Fran Goldthorp’s journey from six-year-old super-fan to playing a starring role in England women’s Rugby League World Cup campaign will continue on Tuesday when she steps out in front of an expected crowd of over 16,000 at her beloved Headingley.
Steeped in generations of the city’s sporting success, with her grandfather, father and brother all having played cricket for Yorkshire, the 19-year-old Leeds Rhinos centre will write her own chapter when the tournament hosts face Brazil in their Group A opener.
Goldthorp is equally adept at a number of sports, having also captained Yorkshire’s cricket team at junior level, but honed her love for rugby league having stood on the terraces of the famous ground since the age of six watching stars like Kevin Sinfield and Rob Burrow.
“I remember going to games when I was very little and experiencing the whole atmosphere for which Headingley is renowned,” Goldthorp told the PA news agency. “Having seen all those great players and now to get the chance to represent my country here is such a special honour.”
A prolific tryscorer who burst onto the scene at the age of 16, Goldthorp, who still lives near the stadium, will play a crucial role alongside veterans like Jodie Cunningham and captain Emily Rudge as England look to upset the odds and claim their first World Cup crown.
For England coach Craig Richards, Goldthorp typifies the kind of confidence levels that will be required for his part-time squad to pull through a difficult opening group and prove a match for the likes of Australia and New Zealand, both of whom boast players predominantly sourced from the fully professional women’s NRL.
“I’ve never seen a more confident person in my life,” said Richards. “You don’t get many players that truly believe they are best, but Fran believes that and she produces on the field.
“There’s an air of confidence about her that even some of the more experienced players feed off. She keeps telling me there’s nothing she isn’t good at, and that’s the type of person you need in our squad.”
Goldthorp hopes the unprecedented profile afforded the World Cup will help revolutionise the women’s game, backed by initiatives such as the Rhinos announcing this week that they will become the first British club to pay women players win bonuses and other “meritocratic” payments.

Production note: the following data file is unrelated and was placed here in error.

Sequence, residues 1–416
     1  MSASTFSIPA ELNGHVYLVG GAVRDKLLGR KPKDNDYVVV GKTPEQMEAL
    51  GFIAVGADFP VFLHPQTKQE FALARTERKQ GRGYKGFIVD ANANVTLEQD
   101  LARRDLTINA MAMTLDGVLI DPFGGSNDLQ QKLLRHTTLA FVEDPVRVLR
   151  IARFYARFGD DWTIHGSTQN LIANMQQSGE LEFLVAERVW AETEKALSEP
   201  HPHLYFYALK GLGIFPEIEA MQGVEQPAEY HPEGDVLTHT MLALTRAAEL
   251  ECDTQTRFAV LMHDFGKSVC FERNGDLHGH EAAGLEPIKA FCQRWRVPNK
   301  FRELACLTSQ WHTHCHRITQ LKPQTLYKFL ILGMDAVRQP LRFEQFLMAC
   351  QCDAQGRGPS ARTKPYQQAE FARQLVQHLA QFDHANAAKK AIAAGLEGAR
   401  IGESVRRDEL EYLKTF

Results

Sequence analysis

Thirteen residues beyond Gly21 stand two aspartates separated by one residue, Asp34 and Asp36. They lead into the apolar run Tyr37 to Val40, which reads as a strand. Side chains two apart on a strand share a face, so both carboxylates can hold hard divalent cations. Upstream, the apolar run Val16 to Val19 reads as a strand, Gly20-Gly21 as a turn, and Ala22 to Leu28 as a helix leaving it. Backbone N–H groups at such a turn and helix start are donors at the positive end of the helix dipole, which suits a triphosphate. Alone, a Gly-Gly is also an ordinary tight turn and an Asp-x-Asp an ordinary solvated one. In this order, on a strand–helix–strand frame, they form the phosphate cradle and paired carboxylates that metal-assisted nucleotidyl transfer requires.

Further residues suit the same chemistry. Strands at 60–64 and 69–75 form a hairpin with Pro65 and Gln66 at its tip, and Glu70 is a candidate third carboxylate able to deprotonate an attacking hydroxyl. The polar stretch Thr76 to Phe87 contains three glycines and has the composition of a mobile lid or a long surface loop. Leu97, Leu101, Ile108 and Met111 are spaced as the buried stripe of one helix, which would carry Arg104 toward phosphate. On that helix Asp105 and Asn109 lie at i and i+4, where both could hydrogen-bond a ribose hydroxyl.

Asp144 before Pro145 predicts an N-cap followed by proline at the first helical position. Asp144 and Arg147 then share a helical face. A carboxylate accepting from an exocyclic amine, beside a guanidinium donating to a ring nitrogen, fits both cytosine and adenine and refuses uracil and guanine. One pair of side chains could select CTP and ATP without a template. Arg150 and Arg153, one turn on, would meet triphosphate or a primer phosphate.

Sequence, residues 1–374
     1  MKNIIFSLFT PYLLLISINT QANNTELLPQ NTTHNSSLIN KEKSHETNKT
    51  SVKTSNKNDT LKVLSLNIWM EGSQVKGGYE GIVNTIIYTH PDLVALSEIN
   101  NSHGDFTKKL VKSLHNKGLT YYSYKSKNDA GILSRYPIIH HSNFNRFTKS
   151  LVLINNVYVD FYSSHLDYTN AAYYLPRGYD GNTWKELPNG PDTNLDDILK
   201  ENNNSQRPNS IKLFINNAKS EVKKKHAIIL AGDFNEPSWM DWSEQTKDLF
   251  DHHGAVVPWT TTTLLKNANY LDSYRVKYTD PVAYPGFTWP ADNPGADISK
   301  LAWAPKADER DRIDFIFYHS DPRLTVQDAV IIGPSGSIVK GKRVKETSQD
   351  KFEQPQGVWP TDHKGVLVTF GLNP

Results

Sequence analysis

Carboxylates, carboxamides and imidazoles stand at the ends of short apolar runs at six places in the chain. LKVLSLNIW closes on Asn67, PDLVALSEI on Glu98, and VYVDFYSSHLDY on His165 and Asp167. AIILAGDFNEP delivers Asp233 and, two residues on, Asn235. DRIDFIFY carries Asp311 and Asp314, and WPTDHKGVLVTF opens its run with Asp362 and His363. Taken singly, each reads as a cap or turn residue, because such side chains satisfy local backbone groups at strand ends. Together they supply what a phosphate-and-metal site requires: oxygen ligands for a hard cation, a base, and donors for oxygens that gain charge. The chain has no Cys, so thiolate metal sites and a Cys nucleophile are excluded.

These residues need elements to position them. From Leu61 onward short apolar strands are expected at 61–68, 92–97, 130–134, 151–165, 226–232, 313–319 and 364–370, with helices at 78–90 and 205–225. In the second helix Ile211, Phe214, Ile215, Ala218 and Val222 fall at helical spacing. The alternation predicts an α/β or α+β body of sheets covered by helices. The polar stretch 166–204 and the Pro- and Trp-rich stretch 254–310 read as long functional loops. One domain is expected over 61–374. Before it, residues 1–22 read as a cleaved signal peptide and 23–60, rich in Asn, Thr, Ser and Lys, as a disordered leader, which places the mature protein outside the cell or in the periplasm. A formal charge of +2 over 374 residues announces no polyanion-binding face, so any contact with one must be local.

“It’s a great start and as Leeds Rhinos players we are massively privileged that we are able to experience that,” said Goldthorp.
“It will make a huge difference, not having to worry about other external things. We can just go out there and concentrate on rugby. We love the game but we do need that kind of backing if we want to continue producing the performances.”
England open against a Brazil team, nicknamed the ‘Amazonas’, who have touched hearts with the story of the improbable journey to their first World Cup, and for the samba rhythms and post-match dance session they brought to last week’s warm-up game against France at Featherstone.
None of which remotely impresses Richards, who has been in charge of England since the aftermath of their 2017 semi-final defeat to New Zealand, and will not be distracted by the relatively unknown quantity of Tuesday’s opposition.
“Respectfully, it doesn’t interest me who they are, it doesn’t interest me about the dancing and the razzmatazz,” added Richards.
“Everybody’s bought into them and there’s a lot of talk about them, but we’re here to win a World Cup. They’re just another team that are in the way and that’s how we’re going to approach it.”